|Researchers Test New Lab Method to Detect DNA
Damage Throughout the Genome
In laboratory experiments using budding yeast, the same type used
in baking and brewing, scientists at the National Cancer Institute
(NCI), part of the National Institutes of Health, developed a new
approach to determine the location of unrepaired breaks in DNA.
This new approach should better inform research as unrepaired DNA
damage often underlies the development of cancer. The research
findings appear in the December, 2007, issue of PloS Biology.
The investigators, from NCI's Center for Cancer Research (CCR),
examined meiosis, a form of cell division that produces sperm and
eggs in animals.
During meiosis, a process called recombination may occur that
involves the swapping of genetic material between chromosomes.
Chromosomes are molecules of DNA that carry genes and function
in the transmission of genetic information. For recombination to
occur, chromosomal DNA must first be broken and then spliced together
in new combinations, which creates genetic diversity as new combinations
of genes are passed from parent to child.
"Our new method to detect where DNA is purposefully broken
during meiosis should be a useful tool in understanding the events
that start cells on the road to cancer," said study author
Michael Lichten, Ph.D., of NCI's Laboratory of Biochemistry and
Recent research has shown that recombination is initiated during
meiosis when a protein called Spo11 breaks both strands of the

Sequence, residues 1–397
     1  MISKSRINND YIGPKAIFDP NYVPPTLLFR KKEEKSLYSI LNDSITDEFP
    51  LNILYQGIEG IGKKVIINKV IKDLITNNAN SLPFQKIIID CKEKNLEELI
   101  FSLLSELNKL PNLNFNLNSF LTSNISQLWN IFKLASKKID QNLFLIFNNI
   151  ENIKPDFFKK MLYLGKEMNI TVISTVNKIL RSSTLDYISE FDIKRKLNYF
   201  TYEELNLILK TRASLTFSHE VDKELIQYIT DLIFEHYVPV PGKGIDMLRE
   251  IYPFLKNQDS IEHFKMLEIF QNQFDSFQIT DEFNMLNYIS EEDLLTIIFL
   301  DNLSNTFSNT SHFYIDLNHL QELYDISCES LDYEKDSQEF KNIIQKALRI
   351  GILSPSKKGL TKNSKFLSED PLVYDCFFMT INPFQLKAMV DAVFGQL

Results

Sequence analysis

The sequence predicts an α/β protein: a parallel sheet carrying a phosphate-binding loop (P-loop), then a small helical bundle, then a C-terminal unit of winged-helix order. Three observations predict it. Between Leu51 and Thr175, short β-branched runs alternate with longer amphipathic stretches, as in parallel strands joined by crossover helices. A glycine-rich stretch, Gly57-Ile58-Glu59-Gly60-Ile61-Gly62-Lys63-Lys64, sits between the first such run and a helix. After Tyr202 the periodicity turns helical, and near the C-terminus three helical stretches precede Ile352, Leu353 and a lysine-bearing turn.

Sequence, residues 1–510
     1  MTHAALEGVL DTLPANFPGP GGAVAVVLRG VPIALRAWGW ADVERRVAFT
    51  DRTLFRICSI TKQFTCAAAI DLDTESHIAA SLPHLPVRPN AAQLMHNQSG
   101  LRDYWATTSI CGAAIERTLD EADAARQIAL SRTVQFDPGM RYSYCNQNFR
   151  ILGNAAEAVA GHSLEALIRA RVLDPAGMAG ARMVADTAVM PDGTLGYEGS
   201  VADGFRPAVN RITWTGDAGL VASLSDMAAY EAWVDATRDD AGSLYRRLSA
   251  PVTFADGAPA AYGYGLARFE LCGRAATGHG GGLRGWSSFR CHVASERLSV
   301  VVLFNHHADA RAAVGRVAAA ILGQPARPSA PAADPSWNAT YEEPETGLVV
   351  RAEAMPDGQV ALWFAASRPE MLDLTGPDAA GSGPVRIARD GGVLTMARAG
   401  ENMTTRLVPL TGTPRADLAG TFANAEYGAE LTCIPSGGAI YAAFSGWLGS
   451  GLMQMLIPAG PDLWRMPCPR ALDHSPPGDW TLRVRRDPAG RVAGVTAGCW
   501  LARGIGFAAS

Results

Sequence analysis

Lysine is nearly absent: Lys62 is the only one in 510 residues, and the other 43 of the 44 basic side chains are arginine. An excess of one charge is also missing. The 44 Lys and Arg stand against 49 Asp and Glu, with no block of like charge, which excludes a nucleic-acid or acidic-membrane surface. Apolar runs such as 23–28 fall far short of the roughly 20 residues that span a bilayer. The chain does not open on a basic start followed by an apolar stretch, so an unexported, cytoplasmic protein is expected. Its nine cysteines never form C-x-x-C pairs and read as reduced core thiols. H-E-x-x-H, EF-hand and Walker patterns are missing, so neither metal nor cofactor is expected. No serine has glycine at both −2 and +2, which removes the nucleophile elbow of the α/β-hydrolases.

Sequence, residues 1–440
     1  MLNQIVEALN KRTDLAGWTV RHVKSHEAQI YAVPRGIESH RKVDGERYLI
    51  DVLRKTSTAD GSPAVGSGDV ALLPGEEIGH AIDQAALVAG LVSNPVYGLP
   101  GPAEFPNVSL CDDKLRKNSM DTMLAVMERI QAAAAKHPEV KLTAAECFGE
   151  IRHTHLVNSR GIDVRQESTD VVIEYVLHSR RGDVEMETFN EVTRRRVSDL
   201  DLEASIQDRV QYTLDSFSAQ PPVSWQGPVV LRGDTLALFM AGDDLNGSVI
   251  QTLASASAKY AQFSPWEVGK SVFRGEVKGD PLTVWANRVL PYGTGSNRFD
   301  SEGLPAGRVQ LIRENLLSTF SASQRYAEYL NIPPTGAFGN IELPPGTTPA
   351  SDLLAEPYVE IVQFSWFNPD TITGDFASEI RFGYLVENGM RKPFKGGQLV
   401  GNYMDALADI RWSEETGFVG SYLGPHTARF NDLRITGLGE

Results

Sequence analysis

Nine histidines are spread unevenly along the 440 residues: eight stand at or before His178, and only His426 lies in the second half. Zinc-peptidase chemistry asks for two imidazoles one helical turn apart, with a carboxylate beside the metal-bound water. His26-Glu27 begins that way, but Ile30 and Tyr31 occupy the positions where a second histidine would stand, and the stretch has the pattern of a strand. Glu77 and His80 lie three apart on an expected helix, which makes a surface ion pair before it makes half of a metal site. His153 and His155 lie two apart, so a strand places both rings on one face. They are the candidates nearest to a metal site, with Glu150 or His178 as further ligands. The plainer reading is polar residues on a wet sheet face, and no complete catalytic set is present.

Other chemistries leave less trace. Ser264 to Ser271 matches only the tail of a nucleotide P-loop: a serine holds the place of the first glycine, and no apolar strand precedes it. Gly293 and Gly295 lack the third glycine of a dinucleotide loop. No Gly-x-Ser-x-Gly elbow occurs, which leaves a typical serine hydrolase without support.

DNA molecule present in a chromosome. These double-strand breaks
(DSBs) are then efficiently repaired by recombination. While these
DSBs are useful during meiosis, DSBs formed by accident or by chemical
damage can be harmful because they are often incorrectly repaired,
creating the kind of genetic rearrangements that can cause cancer
and other diseases. By studying how yeast efficiently repair the
DSBs that occur during meiosis, researchers aim to develop ways
of reducing the impact of cancer-causing, unrepaired or improperly
repaired DNA damage.
When a DSB is caused by the Spo11 protein, the protein sometimes
remains attached to the end of the DSB. Previous methods of detecting
DSBs involved seeking the Spo11 protein to see what DNA was attached.
These methods are not sensitive, and do not detect all of the DSBs
that are formed during meiosis.
Instead of searching for the Spo11 protein, the researchers examined
the single strands of DNA that accumulate at DSBs in mutants that
lack critical recombination proteins. By purifying this single-stranded
DNA, they were able to map yeast DSBs during meiosis at the whole-genome
level. Because this approach finds breaks using a feature common
to all DSBs, it can be used in circumstances where Spo11 is not
involved, such as DSBs that are caused by chemical agents.
Using this new detection approach, the authors took a whole-genome
snapshot of DSB locations. While the previous, less sensitive studies
had suggested that DSBs did not occur in up to 40 percent of the
genome during meiosis, this more sensitive method showed that DSBs
were occurring at similar levels throughout the yeast genome.
The researchers concluded that recombination in yeast is distributed
much more uniformly than previously believed. They predict that
their new mapping method will be useful for studying recombination
and DNA damage in other organisms.
For more information on Lichten's laboratory, please go to http://ccr.cancer.gov/staff/staff.asp?profileid=5611.
For a basic tutorial on Cancer Genomics, please visit http://www.cancer.gov/cancertopics/understandingcancer/cancergenomics/.
For more information about cancer, please visit the NCI Web site
at http://www.cancer.gov, or
call NCI's Cancer Information Service at 1-800-4-CANCER (1-800-422-6237).
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